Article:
Friday, February 10, 2012

FFB: STORYTELLER by Kate Wilhelm (2005); CREATING SHORT FICTION by Damon Knight; (1981/1985/1997); callback to Donald Westlake and Jody Scott rarities

Next week, The Donald Westlake Symposium among the FFB's my review from some ways back (almost three years...goodness) of two all-too-forgotten works, novellas by (Mr.) Donald Westlake ("Call Me a Cab") and (Ms.) Jody Scott ("Down Will Come Baby") that were never reprinted from their initial magazine appearances, his in Redbook when that magazine still published ficiton, hers in Escapade in its last issues as a rather sophisticated Playboy imitator, while Barry Malzberg was editing there (a short tenure, just before his much less well-paid short tenure as editor of Fantastic and Amazing).

I didn't finish the book I was likely to write up this week, so instead I'll briefly cite two which are definitely in print, from a rather less coincidental gender-pairing, Kate Wilhelm and the late Damon Knight, married for decades and also partners in creation of the Clarion Writers' Workshops, now a multi-site annual tradition and the most sustained program within, but not restricted to, fantastic-fiction writing instruction. Much of Knight's primarily instructional Creating Short Fiction and Wilhelm's mix of instruction and memoir (favoring the former) Storyteller comes out of their experiences with Clarion, as well as their larger working lives as highly analytical fiction-writers, and to some degree (Knight vastly moreso over the years than Wilhelm) editors (though Wilhelm has been in her turn a much more prolific fiction-writer than Knight was, after his most productive years in the 1950s and early '60s).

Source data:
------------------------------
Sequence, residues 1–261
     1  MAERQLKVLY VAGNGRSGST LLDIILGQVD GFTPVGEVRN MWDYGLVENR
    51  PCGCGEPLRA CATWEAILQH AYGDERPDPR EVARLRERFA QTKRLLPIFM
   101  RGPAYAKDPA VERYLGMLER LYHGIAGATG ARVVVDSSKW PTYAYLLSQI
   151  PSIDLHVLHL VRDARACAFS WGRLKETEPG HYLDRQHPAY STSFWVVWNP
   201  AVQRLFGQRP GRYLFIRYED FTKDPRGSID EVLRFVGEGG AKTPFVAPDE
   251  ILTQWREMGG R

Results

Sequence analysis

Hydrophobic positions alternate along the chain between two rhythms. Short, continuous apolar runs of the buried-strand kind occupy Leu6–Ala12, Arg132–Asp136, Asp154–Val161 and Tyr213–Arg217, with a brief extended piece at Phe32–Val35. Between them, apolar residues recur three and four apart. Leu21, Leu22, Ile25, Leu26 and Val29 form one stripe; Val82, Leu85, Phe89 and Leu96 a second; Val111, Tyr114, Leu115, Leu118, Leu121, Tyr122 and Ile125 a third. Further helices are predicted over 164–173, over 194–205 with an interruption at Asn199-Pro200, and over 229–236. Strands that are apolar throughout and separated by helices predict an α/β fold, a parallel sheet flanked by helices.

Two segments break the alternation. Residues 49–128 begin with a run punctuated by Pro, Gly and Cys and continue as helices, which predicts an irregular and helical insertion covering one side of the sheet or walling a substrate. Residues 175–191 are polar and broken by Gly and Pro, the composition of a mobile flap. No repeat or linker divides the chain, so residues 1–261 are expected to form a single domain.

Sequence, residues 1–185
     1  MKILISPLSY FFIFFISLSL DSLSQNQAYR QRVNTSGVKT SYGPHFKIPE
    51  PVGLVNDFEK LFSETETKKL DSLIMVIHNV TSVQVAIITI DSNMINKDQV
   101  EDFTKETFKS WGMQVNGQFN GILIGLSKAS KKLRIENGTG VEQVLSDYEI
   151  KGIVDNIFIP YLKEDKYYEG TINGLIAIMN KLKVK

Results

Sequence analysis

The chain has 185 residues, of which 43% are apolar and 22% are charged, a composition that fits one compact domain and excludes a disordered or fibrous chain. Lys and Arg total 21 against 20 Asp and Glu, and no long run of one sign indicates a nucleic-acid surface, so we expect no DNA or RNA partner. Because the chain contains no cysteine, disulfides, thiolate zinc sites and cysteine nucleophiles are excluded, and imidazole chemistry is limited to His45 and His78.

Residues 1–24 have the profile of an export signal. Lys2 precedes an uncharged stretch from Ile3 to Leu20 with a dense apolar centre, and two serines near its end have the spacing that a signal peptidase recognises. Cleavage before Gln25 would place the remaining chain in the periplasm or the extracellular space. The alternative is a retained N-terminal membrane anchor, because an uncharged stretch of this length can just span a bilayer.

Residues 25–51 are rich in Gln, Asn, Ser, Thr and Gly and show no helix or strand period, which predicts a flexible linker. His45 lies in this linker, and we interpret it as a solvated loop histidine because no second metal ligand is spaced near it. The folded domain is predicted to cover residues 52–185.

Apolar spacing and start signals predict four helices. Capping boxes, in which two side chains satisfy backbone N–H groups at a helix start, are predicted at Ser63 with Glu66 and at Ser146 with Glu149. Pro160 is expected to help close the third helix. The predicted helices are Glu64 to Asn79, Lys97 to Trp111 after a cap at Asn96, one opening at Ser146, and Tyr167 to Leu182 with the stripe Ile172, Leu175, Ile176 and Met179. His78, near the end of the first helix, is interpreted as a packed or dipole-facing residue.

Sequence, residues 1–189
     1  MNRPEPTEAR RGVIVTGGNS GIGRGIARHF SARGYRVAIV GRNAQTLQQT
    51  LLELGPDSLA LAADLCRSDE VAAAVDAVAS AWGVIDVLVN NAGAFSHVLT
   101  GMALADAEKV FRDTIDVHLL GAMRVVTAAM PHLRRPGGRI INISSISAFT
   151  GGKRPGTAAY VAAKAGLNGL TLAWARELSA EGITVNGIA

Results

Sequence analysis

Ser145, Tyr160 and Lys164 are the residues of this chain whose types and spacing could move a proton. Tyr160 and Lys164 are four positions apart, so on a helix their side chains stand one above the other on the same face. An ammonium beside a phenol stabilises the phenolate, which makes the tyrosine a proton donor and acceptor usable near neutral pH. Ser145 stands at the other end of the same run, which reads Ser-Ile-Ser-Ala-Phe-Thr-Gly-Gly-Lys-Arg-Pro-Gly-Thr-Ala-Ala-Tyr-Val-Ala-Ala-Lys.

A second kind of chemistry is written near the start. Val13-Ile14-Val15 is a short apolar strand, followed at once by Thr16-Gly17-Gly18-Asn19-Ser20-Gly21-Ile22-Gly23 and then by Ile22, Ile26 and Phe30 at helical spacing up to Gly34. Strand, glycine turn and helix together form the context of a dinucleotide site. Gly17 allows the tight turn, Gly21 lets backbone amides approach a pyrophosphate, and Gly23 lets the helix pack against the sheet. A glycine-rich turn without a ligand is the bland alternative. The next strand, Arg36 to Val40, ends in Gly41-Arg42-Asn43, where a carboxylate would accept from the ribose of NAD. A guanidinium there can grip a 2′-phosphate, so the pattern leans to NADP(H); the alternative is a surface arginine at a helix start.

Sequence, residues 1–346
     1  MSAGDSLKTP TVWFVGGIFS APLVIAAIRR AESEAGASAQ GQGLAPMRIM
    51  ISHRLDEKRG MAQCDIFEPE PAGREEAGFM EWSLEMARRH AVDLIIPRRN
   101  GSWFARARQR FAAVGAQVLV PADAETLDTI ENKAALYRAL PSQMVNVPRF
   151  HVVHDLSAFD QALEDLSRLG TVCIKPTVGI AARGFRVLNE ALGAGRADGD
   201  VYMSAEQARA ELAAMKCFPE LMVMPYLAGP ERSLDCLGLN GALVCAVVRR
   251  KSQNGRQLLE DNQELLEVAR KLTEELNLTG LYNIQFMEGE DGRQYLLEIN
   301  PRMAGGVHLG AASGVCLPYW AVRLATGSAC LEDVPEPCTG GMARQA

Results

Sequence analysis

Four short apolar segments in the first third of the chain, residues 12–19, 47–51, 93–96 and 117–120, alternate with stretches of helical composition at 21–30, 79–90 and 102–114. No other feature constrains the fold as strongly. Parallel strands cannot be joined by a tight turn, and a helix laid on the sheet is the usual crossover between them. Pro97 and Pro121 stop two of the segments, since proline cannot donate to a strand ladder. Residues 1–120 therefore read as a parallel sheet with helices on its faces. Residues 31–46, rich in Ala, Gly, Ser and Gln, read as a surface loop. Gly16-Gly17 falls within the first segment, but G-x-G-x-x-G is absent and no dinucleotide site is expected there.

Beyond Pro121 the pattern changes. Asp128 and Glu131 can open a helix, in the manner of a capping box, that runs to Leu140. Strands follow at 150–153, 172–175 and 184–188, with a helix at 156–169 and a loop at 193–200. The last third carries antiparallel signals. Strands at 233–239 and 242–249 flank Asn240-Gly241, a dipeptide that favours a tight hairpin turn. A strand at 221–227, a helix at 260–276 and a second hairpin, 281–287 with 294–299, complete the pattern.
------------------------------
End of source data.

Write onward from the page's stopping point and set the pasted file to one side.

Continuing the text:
Knight is clear and concise and witty as he lays out the various approaches to and strictures of short-fiction writing, and the highlight of the book, for me is the way in which he presents his fine novelet "Four-in-One" and breaks down what he was doing with it, and how, at every step of its conception and writing. Wilhelm is more meditative, if no less witty, as she deals with basic questions of both literature and writing instruction specifically (excerpts of her book have been posted, with permission, thus: "Can Writing Be Taught?"; "Trivia vs. Writing Real Stories"; and "My Silent Partner". They are, together, an excellent distillation of what the two have taken away from their instructional experiences, and useful and a pleasure to read in a way that the best criticism tends to be, as well...illuminating and genuine fun.

For more of this week's books, please see Patti Abbott's blog.

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